Frances Dewey Wormser

Frances Dewey Wormser (June 23, 1903[1] January 28, 2008[2]) was an American stage actress, entertainer and vaudeville performer.[1][2]

Personal life

Frances Dewey was born in New York City on June 23, 1903,[1] the daughter of Alfred James Dewey (1874–1958), a California artist who was considered the "dean" of an early art colony in Sierra Madre, California.[1] She later took up painting herself.[1]

Dewey married her first husband, Orin Zoline, in the later 1930s, approximately the same time that she retired from entertaining.[1] Zoline died in the 1950s. She married her second husband, Morton Wormser, during the same decade.[1] They lived in Sarasota, Florida, for over 25 years.[1] Morton Wormser was an avid tennis player and supporter of the sport.[1] As a result of this interest, professional tennis player Martina Navratilova lived with Frances and Morton when she first arrived in the United States in the early 1970s.

Frances and Morton Wormser traveled "around the world" on their honeymoon.[1] She took her last major trip to visit friends in Maui when she was 100 years old.[1] She was a major contributor to the Aviation Museum of Santa Paula, which she supported in honor of her brother, pilot Jim Dewey.[1]


Dewey spent more than a decade in showbusiness during the 1920s and 1930s.[2] She played the lead role in a number of shows, including the 1925 revival of Sally, Irene & Mary.[2] It was her performance in The Girl Friend in 1926, which caught the attention of producer Lew Fields.[2] Fields created the Dewey and Gold Revue, specifically for Dewey and her professional performing partner, Al Gold.[2] Dewey and Gold toured together on the Pantages Circuit in 1927 and 1928.[2] She toured in Good Boy in 1929.[2]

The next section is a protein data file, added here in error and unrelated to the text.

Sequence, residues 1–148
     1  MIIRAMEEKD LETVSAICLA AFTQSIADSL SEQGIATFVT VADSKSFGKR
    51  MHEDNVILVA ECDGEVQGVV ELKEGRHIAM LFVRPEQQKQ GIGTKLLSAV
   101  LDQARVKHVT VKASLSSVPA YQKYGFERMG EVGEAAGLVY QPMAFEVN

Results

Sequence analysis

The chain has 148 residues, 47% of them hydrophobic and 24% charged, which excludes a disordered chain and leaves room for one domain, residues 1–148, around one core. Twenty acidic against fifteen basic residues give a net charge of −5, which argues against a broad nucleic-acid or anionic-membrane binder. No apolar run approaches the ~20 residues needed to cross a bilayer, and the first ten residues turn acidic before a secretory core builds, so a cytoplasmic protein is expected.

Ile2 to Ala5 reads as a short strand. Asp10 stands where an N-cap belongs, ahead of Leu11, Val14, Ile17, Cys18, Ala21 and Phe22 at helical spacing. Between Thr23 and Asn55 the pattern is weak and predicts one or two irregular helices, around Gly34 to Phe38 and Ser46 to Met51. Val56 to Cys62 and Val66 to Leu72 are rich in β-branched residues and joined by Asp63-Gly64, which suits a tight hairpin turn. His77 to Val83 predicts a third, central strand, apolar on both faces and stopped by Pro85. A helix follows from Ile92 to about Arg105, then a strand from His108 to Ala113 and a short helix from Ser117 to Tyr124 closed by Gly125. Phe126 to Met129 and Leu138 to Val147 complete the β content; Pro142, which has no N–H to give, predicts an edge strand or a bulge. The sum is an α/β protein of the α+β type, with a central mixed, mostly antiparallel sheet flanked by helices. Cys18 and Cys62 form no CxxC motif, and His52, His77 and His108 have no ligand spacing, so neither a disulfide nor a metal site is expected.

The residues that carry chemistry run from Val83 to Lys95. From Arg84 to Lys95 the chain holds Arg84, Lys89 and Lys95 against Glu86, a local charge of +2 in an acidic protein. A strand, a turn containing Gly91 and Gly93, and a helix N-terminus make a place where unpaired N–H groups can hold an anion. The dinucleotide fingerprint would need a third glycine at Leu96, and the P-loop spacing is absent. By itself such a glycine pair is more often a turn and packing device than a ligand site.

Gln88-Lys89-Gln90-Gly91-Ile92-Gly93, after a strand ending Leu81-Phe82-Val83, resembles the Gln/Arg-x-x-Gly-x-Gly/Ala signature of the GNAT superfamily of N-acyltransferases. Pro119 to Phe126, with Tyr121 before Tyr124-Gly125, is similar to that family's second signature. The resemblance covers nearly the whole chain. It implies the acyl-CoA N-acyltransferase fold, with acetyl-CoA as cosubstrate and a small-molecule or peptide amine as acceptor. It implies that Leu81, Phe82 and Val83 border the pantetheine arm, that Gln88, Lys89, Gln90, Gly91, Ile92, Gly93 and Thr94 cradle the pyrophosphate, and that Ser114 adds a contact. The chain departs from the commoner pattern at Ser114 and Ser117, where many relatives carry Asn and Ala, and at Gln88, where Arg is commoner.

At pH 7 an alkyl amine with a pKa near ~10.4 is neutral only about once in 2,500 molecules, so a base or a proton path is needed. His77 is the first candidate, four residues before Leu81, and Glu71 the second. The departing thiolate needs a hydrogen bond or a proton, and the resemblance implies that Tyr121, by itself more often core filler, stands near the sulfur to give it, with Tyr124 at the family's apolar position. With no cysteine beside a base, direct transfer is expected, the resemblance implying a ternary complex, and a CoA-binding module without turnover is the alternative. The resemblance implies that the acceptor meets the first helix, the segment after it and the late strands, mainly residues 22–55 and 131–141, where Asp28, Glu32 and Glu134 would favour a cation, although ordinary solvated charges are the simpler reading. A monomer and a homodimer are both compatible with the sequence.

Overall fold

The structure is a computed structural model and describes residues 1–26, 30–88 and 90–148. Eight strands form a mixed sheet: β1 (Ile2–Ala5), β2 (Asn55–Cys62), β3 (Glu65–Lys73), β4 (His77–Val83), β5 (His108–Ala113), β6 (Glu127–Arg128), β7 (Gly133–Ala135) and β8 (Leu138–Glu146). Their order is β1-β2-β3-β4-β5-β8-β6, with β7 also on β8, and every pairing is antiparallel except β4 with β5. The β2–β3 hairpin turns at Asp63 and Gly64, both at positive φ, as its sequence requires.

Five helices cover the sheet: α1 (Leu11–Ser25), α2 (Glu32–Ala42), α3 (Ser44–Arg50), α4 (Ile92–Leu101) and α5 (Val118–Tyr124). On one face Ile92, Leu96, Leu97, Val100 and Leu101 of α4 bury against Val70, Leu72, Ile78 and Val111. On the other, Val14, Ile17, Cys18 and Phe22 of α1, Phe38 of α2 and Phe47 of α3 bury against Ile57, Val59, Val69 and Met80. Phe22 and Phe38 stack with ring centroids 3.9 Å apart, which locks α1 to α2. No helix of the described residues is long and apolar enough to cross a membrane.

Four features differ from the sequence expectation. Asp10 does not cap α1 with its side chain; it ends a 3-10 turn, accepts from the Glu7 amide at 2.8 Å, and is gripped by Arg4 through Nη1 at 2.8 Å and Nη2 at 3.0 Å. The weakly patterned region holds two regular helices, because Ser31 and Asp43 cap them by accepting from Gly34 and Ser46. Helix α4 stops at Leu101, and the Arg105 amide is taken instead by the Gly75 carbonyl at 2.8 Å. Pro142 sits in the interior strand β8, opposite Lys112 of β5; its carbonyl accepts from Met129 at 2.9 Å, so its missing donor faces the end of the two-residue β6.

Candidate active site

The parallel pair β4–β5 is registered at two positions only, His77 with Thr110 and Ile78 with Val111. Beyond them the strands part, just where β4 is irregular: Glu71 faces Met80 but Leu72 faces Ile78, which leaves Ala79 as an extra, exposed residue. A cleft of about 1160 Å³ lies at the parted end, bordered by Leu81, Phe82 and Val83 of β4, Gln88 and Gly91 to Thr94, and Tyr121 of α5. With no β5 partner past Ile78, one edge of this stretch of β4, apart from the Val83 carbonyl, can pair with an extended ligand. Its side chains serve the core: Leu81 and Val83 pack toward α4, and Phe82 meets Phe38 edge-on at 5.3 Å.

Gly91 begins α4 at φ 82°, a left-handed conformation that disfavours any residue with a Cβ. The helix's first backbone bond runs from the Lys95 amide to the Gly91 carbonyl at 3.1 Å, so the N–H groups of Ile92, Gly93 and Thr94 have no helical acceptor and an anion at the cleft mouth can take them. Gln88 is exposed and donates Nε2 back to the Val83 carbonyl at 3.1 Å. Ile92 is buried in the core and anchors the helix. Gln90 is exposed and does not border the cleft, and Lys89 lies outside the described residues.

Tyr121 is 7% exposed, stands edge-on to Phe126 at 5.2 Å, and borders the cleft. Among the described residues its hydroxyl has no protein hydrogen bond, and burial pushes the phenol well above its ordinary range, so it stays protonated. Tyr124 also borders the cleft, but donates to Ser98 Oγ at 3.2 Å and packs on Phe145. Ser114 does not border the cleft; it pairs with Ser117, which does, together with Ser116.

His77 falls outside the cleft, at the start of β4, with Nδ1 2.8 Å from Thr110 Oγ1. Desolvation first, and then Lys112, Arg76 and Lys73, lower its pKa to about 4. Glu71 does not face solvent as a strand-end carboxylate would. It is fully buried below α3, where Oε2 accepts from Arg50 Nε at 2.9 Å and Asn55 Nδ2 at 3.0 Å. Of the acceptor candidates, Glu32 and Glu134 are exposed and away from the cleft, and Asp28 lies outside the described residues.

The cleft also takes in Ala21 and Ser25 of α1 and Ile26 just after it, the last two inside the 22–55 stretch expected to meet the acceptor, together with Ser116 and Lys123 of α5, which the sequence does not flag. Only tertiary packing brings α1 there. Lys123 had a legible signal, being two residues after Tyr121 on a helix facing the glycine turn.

Wormser also performed with Cary Grant in an out-of-town tryout of Boom Boom in late 1928,[1] which was one of Grant's earliest roles.[2] She later appeared in Shoot the Works, a 1931[1] revue on Broadway by Heywood Broun.[2] Dewey was also featured in the very first franchised list of Leonard Sillman's New Faces in 1934.[2] Silman's New Faces introduced audiences to new up-and-coming Broadway actors, such as Wormser. The 1934 first edition of New Faces also included Henry Fonda and Imogene Coca. Coca became a lifelong friend of Frances Wormser,[1] who also counted Leo Lerman, the former editor of Vogue Magazine and editor-in-chief of Vanity Fair, to be her professional "soul mate". He died in 1994.[1]

Dewey officially retired from the entertainment industry during the 1930s.[2] She was a buyer for Jane Engel, a women's clothing company, around this time.[1]


Frances Dewey Wormser died on January 28, 2008, from natural causes in Santa Paula, California. She was 104 years old. She had no children.[2]


  1. "Frances Dewey Wormser, 1903-2008". Santa Paula Times. 2008-02-06. Retrieved 2008-02-19.
  2. "Frances Dewey Wormser dies Vaudeville, Broadway performer was 104". Variety. 2008-02-13. Retrieved 2008-02-19.
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